Shab-e Yalda, Winter Solstice: Private Exhibition
To bring life and joy into the long, dark winter nights of 2020, a private exhibition was organized, presenting a sofreh reflecting the enchanting traditions of Shab-e Yalda, the winter solstice—the eve of 1 Dey in the Persian calendar, corresponding to 21 December. The feast of Yalda originates in the pre-Islamic period and is associated with agriculture. The divan-e Hafez (works of 14th-century Persian poet, Hafez) to recite poetry, and red fruits—watermelons and pomegranates—are important parts of this celebration, heralding the crimson hues of sunrise after absolute darkness, and the promise of longer days ahead. Interestingly, Shab-e Yalda is only about one minute longer than the preceding night. In the Persian tradition people get together, tea, sweets, fruits and nuts are served, and stories and poetry are recited. The idea is to get through the darkest and longest night of the year, when it is believed that demons are most active, while celebrating the passing of darkness and the rebirth of the sun.
December 24, 2020
Christmas Versus Sofreh: Private Exhibition
This year the private exhibition of Shab-e Yalda, the winter solstice, which will be featured at the end of the month, was given particular prominence. Hence, only a compact, yet opulent arrangement was additionally exhibited to demonstrate a marriage of Christmas ornaments and the symbolic elements of the Persian sofreh.
The emphasis is on the richness of the deep-red and antique-gold colour scheme which echoes elements of both Christmas celebrations and the Persian traditions. A bouquet of Christmas foliage, including cotton branches and snowberry sprigs, takes centre stage behind a block of germinated wheat (sabzeh), an important symbolic element of the Persian sofreh. Christmas lights illuminate this section. Pomegranates, red apples, gold-finish walnuts, pine cones, gold tassels, pouches of sugared almonds and gilded coins (in the Persian spirit), leaves and a statuette of an angel (both with a gold finish) are on display and are softly illuminated with flames. For more ideas in the same spirit please visit the Gallery page, Christmas Versus Nowruz—December, 2019 & Nowruz Versus Christmas—December, 2018.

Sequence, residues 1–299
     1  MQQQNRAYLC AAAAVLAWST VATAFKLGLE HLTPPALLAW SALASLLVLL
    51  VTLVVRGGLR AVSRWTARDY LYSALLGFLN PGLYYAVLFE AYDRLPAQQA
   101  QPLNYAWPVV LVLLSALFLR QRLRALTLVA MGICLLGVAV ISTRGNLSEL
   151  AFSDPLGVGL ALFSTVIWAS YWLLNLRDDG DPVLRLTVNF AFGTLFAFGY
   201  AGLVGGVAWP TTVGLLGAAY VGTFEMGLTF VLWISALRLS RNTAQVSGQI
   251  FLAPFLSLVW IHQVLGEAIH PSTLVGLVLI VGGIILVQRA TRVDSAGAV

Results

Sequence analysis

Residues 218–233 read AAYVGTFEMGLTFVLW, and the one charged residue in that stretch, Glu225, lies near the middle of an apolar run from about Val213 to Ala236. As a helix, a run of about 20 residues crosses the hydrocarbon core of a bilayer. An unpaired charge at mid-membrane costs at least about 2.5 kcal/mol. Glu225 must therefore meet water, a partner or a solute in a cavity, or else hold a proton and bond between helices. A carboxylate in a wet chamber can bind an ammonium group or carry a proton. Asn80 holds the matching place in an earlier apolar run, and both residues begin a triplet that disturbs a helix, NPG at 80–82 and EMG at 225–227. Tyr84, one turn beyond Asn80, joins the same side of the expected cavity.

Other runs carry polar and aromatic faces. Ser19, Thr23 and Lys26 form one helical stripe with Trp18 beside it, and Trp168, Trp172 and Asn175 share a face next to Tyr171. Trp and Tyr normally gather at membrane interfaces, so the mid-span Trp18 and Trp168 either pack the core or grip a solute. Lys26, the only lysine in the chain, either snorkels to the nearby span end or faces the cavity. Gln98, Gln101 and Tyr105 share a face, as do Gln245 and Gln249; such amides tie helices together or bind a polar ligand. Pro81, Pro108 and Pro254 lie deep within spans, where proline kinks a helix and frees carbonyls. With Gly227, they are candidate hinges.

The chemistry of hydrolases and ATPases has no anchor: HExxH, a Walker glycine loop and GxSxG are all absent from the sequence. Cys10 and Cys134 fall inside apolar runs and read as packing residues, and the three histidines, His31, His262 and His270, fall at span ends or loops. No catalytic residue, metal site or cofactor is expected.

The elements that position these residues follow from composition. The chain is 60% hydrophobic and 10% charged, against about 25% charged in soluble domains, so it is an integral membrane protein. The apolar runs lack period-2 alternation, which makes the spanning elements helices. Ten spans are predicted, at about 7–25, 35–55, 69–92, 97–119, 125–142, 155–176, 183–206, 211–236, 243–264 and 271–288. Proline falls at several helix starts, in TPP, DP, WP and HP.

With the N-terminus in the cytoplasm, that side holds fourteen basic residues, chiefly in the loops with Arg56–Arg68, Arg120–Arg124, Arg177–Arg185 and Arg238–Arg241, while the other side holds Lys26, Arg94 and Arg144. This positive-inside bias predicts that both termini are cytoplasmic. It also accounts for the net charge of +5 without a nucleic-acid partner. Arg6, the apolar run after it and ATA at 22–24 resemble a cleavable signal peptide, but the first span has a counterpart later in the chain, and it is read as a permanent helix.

Jashn-e Mehregan: Private Exhibition
2020 has been a painful and punishing time for everyone. The joy of gathering or celebrating has been sidelined by health and economic catastrophes. In the spirit of hope and optimism, an original and unconventional sofreh was created around the autumnal harvest for a private exhibition dedicated to Jashn-e Mehregan.
Jashn-e Mehregan is an Iranian festival which is apparently dedicated to the god of Mithra (Mehr). To read more, please visit www.iranicaonline.org/articles/mehragan. Very briefly, in the Persian culture, Mehregan is believed to have the same significance as Nowruz, with Nowruz signalling the beginning of spring and Mehregan marking the arrival of autumn. The celebrations, which have their origins in the pre-Islamic period and are associated with agriculture and harvest, are usually held between 16 and 21 Mehr in the Persian calendar, which correspond to 8 and 13 October. Although in the past sofreh was part of the Mehregan customs, in modern times, it is not. Yet to mark the occasion, a sofreh with a refreshing outlook, showcasing a contemporary interpretation of past practices, is presented here.
April 13, 2020
Regrettably, as a result of the global coronavirus outbreak, the majority of Nowruz gatherings and celebrations around the world were cancelled. During these challenging times, by discussing the various revered symbolic elements of the sofreh-ye haft sinn on social media, SOFREH: The Art of Persian Celebration aspired to bring good fortune, joy, colour and beauty into the homes of those who celebrate Nowruz. The importance of the figure seven (haft) and the letter “s” (sinn) is visible in the presentations, and as germinated wheat (sabezh) is a vital and vivid part of the sofreh-ye haft sinn, it is included in all the arrangements created around the symbolic elements.